April is Cancer Control Month, and there’s no better time to make the positive lifestyle changes that can help prevent cancer. However, many cancers have a genetic component or are caused by factors outside of our control, your risk of developing cancer increases or decreases with certain lifestyle choices. By making positive lifestyle choices and being proactive about our health, we can help prevent cancer – or catch it in its early stages.
Here’s how to reduce your risk of developing cancer.
Don’t Use Tobacco Products
We all know that smoking is linked with cancer. However, using any tobacco product can increase your risk of developing cancer. If you develop cancer, consuming tobacco can also affect how well you recover from surgeries or treatment. It may also put you at risk for additional complications. If you smoke, vape, chew, or use tobacco in any other form, now is the time to quit. Remember that second-and third-hand smoke also has health risks.
Eat Well and Move Often
A healthy diet and regular exercise regimen can help lower your risk of developing cancer. Increase your fruit and vegetable intake, limit your processed meats, switch to heart-healthy oils, drink plenty of water, and use alcohol in moderation. Complement this with regular exercise for the best results. Just 30 minutes a day of moderate activity can significantly impact your health – and more is even better. If you’re short on time, break up your exercise sessions or incorporate movement into your daily schedule. Taking the stairs, parking far away, or getting off a stop early all add up. These lifestyle choices offer myriad health benefits while also helping you maintain a healthy weight. Obesity is a cancer risk, so be proactive about keeping your weight within recommended guidelines.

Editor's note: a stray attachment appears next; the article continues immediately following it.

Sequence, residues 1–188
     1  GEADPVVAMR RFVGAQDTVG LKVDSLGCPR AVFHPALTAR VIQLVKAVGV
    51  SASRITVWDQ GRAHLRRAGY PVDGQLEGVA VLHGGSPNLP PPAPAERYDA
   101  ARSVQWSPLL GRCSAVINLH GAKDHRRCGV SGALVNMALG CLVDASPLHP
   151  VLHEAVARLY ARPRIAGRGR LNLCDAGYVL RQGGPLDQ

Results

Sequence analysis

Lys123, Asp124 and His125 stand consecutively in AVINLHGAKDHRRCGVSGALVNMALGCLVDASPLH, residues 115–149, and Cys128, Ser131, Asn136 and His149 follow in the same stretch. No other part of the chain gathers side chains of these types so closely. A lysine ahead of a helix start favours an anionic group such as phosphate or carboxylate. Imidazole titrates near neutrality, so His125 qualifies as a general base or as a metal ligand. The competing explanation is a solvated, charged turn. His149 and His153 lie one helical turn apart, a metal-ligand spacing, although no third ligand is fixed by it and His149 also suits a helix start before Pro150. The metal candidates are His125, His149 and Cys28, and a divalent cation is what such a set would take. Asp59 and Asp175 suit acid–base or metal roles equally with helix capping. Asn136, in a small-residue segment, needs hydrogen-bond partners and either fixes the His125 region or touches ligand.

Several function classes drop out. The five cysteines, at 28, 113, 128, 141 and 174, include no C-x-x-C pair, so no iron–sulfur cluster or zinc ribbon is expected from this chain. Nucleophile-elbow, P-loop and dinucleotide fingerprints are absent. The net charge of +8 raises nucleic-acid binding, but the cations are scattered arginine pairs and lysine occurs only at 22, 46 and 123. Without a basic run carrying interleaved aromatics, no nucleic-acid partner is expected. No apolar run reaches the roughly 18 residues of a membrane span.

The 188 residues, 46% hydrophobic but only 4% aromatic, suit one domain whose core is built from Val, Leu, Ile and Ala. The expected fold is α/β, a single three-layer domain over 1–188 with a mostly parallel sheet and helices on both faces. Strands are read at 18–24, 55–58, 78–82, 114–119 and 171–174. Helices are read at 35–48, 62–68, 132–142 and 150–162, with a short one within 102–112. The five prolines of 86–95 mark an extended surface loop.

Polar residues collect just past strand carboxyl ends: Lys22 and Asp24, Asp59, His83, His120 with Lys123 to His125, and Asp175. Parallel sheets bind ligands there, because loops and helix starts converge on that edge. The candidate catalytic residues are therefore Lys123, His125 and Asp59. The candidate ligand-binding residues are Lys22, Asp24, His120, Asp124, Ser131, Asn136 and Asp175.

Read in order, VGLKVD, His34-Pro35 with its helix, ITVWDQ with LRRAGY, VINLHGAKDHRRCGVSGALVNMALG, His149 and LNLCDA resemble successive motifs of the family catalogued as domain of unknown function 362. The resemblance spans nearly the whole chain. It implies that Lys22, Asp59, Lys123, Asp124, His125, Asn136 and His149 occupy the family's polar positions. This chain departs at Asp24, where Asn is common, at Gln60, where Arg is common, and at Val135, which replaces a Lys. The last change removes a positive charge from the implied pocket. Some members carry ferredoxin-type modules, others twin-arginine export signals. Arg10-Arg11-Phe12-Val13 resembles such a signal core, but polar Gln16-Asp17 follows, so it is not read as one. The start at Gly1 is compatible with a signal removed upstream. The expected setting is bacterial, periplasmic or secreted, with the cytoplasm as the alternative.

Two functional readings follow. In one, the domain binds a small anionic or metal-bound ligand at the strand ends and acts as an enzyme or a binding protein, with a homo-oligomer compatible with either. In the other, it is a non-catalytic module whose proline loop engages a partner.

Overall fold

Use Sun Protection
Sun is good for your body and soul, but too much is a skin cancer risk. Skin cancer is one of the most common types of cancer and can spread rapidly. Fortunately, it’s highly preventable. To protect yourself from the sun, avoid spending long periods outside from 10 am to 4 pm, stay in the shade, wear sunscreen and protective clothing such as hats and sunglasses, and cover exposed skin. Avoid tanning beds and sunlamps, as these also carry skin cancer risks.
Manage Stress in Healthy Ways
While stress itself doesn’t cause cancer, the ways we manage stress can be risk factors. Do you drink or smoke more, exercise less, or eat poorly when stressed? If so, talk to your doctor or explore healthy alternatives to managing stress. Some popular options include yoga, meditation, deep breathing, talking to friends, taking a break, or taking up a hobby.
Get Regular Screenings and Checkups
The earlier you catch cancer, the better your chances of beating it. In addition to performing regular self-examinations, stay on top of your regular checkups and make you’re up to date on screenings such as pap smears. You’ll be more likely to identify cancer in its earlier stages. Some cancers, such as cervical cancer, can be prevented by the HPV vaccine, so ask your doctor about vaccination.
Use and Share the Cancer Prevention Kit
One-third of all cancers are preventable. We know that preventive measures and early detection can save lives. This Cancer Control Month, make a difference to your life and those of your loved ones by downloading and sharing the NFCR’s Cancer Prevention and Early Detection Kit. And if you’re due for a checkup or screening, make an appointment! At Southwest Women’s Oncology and Health, we’re always available for patients with questions about or require treatment for their gynecologic health.